T-2 days until defense

I remember my first conference presentation.  It was at ASSETS in Tempe, Az.  2007?  My voice was wavering because I was so nervous doing my first public talk in front of maybe a hundred people.  I have a low voice so the audience couldn’t tell (or they were really polite).  I don’t remember really being nervous before a talk since then.

But it’s two days before the thesis defense and I overworked, then underslept, and now have the jitters.  It’s a pretty interesting experience because it doesn’t really make sense to me.  While I’m at it, I should jot down some presentation notes that might be helpful.

First off, when you’re making the presentation it’s tough to know how many slides you want (until you gain experience).  A good rule of thumb is one minute per slide.  If you’re off by a bit, don’t fret about it in the early stage of refining.

I won’t give too many presentation-making tips (I’ll save them for later), but some basic advice is to avoid text-heavy slides.  If you try to communicate too much, then your audience ends up being confused and gains nothing.  It’s far better to err on the side of communicating too little – would you rather they learn less than desired, or learn nothing due to confusion?  Consider two aspects of your audience – who are you directly speaking to (like my committee)?  Who else will be around?  Try to tailor it to those with a reasonably low amount of background knowledge.  After all, even experts forget things now and then.  Also, I prefer to have bullets/columns/whatever build in while I’m talking.  It can be easy for people to get lost.

Given that you have a first draft of a presentation, boil it down to the essential points.  What do you really need to cover?  This can be difficult for some talks.

Give the presentation to yourself.  If you have an active imagination, you might be able to quietly sit at your desk and give the presentation in your head.  In general I find this very helpful, but it doesn’t catch as much as presenting.  The next step is to speak aloud, which is better at catching linguistic problems (how do I transition?  how can I word something?).  Finally, you should give a practice talk to 2-3 peers.

If you want good feedback, take the time to refine your talk before practicing for your peers.  You don’t want to waste their time and also you want to make sure the comments are useful.  Like reviewing papers, if they spend their time on trivial feedback (lack of organization, no motivation, etc), you’ve wasted your practice with them.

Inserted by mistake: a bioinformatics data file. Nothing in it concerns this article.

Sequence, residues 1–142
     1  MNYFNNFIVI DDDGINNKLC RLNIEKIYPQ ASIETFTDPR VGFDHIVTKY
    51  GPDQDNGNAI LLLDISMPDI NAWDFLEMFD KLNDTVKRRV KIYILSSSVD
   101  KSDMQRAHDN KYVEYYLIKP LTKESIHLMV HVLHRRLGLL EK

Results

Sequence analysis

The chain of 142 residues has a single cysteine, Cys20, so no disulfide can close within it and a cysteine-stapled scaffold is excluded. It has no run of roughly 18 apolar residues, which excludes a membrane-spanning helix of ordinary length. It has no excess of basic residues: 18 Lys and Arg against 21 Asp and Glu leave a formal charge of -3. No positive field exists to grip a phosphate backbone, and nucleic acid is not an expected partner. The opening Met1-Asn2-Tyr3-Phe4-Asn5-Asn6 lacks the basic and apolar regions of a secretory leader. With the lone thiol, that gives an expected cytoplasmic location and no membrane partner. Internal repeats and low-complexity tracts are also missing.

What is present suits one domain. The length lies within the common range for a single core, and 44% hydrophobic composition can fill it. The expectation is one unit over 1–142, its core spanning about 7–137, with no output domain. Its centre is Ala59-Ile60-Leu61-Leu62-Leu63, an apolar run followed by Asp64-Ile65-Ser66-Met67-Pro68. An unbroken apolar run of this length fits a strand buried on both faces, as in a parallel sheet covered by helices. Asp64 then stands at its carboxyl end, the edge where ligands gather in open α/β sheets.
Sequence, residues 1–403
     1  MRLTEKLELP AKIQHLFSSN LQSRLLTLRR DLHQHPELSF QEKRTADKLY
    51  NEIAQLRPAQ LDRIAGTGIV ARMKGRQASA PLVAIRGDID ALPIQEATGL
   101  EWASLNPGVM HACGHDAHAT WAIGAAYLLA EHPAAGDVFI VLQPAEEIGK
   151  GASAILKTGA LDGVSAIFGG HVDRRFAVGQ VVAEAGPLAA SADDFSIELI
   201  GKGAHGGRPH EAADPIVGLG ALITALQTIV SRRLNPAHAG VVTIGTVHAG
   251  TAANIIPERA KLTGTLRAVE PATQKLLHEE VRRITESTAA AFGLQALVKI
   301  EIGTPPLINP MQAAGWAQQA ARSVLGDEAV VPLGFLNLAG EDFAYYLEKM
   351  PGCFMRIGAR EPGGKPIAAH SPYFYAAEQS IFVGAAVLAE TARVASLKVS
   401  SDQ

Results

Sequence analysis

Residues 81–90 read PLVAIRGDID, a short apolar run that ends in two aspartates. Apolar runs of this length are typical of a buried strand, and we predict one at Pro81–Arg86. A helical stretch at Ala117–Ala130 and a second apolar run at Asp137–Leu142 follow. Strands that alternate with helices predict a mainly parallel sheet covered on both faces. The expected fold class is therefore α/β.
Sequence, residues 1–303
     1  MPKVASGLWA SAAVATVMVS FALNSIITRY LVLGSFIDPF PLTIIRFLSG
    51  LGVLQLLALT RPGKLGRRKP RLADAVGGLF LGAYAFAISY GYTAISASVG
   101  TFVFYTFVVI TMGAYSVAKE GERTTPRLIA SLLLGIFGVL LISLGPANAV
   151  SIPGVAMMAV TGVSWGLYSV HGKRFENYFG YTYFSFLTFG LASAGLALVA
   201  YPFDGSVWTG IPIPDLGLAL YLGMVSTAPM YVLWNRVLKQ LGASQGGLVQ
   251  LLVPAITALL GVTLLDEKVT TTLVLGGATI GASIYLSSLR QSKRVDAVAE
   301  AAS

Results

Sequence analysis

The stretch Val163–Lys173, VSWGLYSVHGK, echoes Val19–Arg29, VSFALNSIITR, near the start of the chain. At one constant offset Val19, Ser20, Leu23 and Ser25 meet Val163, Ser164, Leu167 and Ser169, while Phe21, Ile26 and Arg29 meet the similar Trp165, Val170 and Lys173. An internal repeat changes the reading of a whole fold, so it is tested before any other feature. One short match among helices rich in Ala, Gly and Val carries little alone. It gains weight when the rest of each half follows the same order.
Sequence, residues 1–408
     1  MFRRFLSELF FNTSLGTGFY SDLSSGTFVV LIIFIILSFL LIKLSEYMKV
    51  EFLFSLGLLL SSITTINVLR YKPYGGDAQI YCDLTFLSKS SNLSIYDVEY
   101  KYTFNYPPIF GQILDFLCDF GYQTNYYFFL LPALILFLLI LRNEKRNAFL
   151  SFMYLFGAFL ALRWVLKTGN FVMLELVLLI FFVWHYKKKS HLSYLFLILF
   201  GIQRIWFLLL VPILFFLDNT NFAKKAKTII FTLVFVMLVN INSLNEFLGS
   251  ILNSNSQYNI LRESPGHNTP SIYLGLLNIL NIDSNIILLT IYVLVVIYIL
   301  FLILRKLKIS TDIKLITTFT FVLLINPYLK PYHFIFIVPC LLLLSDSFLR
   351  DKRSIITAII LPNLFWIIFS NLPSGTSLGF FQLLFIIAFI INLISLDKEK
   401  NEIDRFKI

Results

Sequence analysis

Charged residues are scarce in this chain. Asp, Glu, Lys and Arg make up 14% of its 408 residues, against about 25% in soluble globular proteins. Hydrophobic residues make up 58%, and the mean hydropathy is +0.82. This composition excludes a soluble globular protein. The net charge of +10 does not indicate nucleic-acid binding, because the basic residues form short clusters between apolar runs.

You can make the practice talk go more smoothly in many ways.  First, clarify whether it’s a timed or untimed.  If timed, take only clarification questions.  If untimed, the feedback will reflect your content more and the presentation less.  In general, I strongly suggest printing handouts (4-up/6-up) of your slides and include slide numbers.  This will greatly help them to jot down comments and makes it easier to be clear about the slide in question.  Bring a couple extra pens/pencils for them.

When taking the feedback, take the time to understand their point of view.  Maybe they have much worse eyesight than you.  Maybe they don’t have your background knowledge.  Make an effort to understand the root source of the problem (sometimes it’s missing background on the previous slide).

Jot down the comments as much as you can, and separately consider what you plan to do about it.  Some comments reflect just one person’s preference, while other comments are about a problem for a large group of people.  It’s your job to decide which is which and decide how to best spend your limited time.  One caveat is that you don’t want to hide your intentions or anything; be honest.  If you really like a slide the way it is, you can express that (but you need to have a good reason why the criticism isn’t reason enough to change it).

Be open to suggestions – involve your generous peers.  When faced with a difficult criticism, sometimes they have ideas and sometimes they’ll find that it’s a genuinely difficult problem.

When used properly, practice talk feedback is an incredibly valuable and precious resource.

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